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The making of Dortmund ace Lewandowski

Robert Lewandowski became the first player to score four times in a European Cup semi-final game. UEFA.com looks back to where it all began for the Borussia Dortmund man.

Robert Lewandowski's four-goal show against Madrid ©AFP/Getty Images

Having become the first player to score four times in a European Cup semi-final when Borussia Dortmund overwhelmed Real Madrid CF on Wednesday night, Robert Lewandowski's profile has never been higher. UEFA.com looks back on the Poland striker's early years and talks to some of the key figures who helped mould him.

Lewandowski's life has always been dominated by sport. His father practised judo and football, volleyball was the chosen game of his mother and sister, and his fiancée is one of the most reputed proponents of karate in Europe. He was the leading scorer in each of Poland's top three divisions before his 2010 move to Dortmund, where his continuing exploits have made his name – although he is not the first Pole to put Madrid to the sword.

On 30 December 1990, Jan Urban hit a hat-trick in CA Osasuna's remarkable 4-0 Liga win at the Santiago Bernabéu, and the current Legia Warszawa coach believes Lewandowski's latest accomplishment will be hard to beat. "Robert is a young player and he will beat some other records, but I don't think he will better this one," Urban said. "I know how Lewandowski is feeling right now. Journalists will not leave him in peace for about a week and it will be a very intense few days for him."

Had history worked out differently, Urban might have been working with Lewandowski; the forward had a brief spell with Legia's second team in 2005/06. "I don't regret that Robert didn't stay at Legia – if he had, perhaps he wouldn't have made such great progress," joked Urban.

Instead, Lewandowski moved on to third division side Znicz Pruszków, although he had already displayed his talents for a number of smaller clubs by that point. Indeed, after starting out with childhood team Partyzant Leszno, he spent a seven-year spell with UKS Varsovia Warszawa between 1997 and 2004.

"He was very thin, his legs were like sticks and I was always scared that others would break them," Krzysztof Sikorski, Lewandowski's coach at Varsovia, told UEFA.com. "I wanted him to be physically stronger and even advised him to eat more bacon!"

Despite his physical shortcomings, however, Lewandowski's predatory instincts were already well developed. "I remember one season my team scored 158 goals; Robert got half of them," Sikorski added. "Of course, it was difficult to imagine him having such a great career. We hoped he would play in the Polish Ekstraklasa, but it was impossible to predict what would happen later on."

Another capital outfit, KS Delta Warszawa, were Lewandowski's next port of call in 2005, and there they had no doubts about his career trajectory. "When we spotted him, we already knew he would be a big player," Delta president Andrzej Trzeciakowski told UEFA.com. "I'm proud Robert signed his first professional contract with our club. His monthly salary was about 1,500 złoty [€350]. I was very emotional on Wednesday because I'm a Madrid fan, but my heart did not bleed as he scored against my favourite club. For me Robert comes first, even before Real Madrid."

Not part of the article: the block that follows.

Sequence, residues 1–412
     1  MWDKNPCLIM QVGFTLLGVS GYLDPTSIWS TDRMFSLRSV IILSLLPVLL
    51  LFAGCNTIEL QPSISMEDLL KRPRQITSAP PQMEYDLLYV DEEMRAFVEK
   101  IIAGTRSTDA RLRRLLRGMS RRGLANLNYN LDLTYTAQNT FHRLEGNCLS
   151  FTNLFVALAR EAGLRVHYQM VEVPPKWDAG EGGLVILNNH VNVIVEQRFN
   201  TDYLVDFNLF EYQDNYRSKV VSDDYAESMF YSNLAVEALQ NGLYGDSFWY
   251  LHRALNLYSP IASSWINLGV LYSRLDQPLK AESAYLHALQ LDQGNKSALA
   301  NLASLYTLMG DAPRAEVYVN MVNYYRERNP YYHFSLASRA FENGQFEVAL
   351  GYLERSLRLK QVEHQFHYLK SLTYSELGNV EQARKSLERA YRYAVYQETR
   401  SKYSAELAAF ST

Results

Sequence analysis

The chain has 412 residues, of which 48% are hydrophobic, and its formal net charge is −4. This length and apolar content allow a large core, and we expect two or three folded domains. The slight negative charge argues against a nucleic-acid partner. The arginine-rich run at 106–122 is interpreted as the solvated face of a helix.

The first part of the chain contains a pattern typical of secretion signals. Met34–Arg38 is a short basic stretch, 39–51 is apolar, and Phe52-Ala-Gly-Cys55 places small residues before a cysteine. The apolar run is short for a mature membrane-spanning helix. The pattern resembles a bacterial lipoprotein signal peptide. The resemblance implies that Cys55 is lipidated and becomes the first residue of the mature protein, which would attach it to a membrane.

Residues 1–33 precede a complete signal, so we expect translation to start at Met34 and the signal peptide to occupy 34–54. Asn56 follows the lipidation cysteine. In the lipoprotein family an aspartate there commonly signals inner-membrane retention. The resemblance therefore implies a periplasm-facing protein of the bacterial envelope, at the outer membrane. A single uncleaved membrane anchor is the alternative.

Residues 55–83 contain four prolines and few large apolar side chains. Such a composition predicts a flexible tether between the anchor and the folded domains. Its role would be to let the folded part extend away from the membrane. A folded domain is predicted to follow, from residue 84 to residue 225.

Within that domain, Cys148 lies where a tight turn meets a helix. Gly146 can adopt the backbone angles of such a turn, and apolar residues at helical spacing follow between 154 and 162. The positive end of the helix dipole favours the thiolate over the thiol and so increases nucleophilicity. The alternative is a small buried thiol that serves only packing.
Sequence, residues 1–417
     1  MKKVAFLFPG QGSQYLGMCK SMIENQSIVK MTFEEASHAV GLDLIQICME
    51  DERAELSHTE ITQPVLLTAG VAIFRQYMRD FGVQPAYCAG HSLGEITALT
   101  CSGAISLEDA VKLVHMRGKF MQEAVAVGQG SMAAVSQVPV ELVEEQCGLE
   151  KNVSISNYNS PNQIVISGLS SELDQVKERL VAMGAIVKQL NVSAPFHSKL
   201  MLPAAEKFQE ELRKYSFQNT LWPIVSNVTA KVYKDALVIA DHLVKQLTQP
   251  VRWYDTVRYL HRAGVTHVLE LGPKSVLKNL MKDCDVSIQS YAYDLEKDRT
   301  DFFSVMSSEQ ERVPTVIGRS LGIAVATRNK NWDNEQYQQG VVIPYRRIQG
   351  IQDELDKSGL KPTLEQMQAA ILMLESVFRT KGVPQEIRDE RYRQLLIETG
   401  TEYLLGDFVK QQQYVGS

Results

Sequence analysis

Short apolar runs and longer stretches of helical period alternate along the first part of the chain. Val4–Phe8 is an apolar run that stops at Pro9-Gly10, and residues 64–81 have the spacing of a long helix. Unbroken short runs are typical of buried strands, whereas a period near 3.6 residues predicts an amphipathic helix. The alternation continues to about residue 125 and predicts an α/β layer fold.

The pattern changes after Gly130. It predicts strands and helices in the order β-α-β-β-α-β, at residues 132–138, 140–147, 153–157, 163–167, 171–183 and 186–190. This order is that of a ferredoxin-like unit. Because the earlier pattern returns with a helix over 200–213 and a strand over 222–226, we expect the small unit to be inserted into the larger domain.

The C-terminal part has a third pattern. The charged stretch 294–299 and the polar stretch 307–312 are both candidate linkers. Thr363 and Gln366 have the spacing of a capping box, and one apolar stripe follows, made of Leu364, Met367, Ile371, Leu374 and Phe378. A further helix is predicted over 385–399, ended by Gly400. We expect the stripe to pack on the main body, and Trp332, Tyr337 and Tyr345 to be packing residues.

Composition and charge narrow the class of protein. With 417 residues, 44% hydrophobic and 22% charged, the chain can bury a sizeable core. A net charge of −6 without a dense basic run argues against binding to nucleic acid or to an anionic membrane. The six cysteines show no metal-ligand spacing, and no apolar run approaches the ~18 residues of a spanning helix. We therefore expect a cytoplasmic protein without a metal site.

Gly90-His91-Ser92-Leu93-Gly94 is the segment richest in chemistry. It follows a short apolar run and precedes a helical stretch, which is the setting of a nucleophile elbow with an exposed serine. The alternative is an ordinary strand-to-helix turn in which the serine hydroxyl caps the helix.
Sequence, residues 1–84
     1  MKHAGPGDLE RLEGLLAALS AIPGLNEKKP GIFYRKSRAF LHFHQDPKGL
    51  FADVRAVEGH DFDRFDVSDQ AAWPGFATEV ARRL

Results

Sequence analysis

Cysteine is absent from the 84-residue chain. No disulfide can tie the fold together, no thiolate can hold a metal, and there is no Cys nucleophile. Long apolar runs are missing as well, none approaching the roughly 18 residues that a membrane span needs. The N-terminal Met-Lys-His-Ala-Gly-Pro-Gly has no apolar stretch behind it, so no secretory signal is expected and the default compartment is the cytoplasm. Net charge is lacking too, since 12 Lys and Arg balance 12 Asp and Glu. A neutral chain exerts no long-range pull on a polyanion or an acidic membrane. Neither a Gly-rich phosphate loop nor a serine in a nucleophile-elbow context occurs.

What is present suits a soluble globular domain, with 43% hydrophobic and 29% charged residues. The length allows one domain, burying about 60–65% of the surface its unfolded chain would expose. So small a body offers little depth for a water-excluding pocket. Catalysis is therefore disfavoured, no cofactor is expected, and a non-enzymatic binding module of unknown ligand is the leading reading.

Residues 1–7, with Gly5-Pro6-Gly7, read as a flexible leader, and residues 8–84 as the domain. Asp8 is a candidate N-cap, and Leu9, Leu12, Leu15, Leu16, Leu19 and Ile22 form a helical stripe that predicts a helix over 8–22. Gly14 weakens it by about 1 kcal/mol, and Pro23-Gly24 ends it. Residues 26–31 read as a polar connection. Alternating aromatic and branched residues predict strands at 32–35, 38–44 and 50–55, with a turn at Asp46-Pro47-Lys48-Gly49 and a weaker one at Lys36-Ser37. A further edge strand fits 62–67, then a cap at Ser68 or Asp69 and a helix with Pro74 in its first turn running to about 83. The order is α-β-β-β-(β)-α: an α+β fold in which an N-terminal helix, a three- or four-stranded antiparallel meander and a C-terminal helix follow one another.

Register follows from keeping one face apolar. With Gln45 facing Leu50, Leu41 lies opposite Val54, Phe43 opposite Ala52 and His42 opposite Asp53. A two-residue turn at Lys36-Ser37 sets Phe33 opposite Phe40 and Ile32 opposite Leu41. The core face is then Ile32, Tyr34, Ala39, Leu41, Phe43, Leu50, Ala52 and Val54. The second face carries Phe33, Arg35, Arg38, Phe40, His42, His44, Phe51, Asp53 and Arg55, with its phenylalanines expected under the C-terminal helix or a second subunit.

Following his ensuing short-lived stint at Legia, Lewandowski switched to Znicz, who paid 5,000 złoty – around €1,250 – for his signature. He wasted little time justifying that outlay, finishing as the third division's top marksman in 2006/07 and repeating the feat in the second tier the following year.

That earned a June 2008 transfer to KKS Lech Poznań, and his first top-flight goal – an improvised finish with his heel against GKS Bełchatów – arrived two months later. That September brought his international debut in a FIFA World Cup qualifier against San Marino and Lewandowski continued to take his new surroundings in his stride, marking his debut with a goal.

Lewandowski has struck 17 times for Poland
Lewandowski has struck 17 times for Poland©Getty Images

Sixteen more have followed for his country and Lewandowski has drawn comparisons with Włodzimierz Lubański, the national side's all-time leading scorer with 48 strikes. Four games into the young pretender's senior Poland career, Lubański gave his thoughts on his potential successor: "Lewandowski has big potential but he has only begun his career. Let's hope he'll be great but let's wait. I've seen many young players with lots of talent not make any progress. I hope Lewandowski will go a different way and become a top striker. I wouldn't be at all jealous if he broke my record one day, but it's going to be very difficult."

At club level, Lewandowski went from strength to strength, coming second in the Ekstraklasa scoring chart in his first season with Lech and then heading the list with 18 goals the next campaign, which ended with a league championship medal. That prompted Dortmund to pay a reported €4.5m for his services in summer 2010, and he left his homeland with Lech's best wishes.

"There was no quarrel about Robert's departure; we knew he was too good to stay in Poland," said Jacek Zieliński, Lewandowski's coach in Poznan. "In 2010 he won the title with us and was top scorer – what more could he win here? We could only wish him luck in Germany.

"I was sure he would do well there because he joined a club that was making great progress," Zieliński added. "He was very good and very professional. He knew what he wanted to achieve so I was pretty sure he would succeed in the Bundesliga – although I didn't imagine him scoring four times against Real Madrid. When I watched the game, I thought, 'This isn't real, this is a dream.' A man I worked with was able to bring giants like Real Madrid to their knees. He played at a level that was out of this world."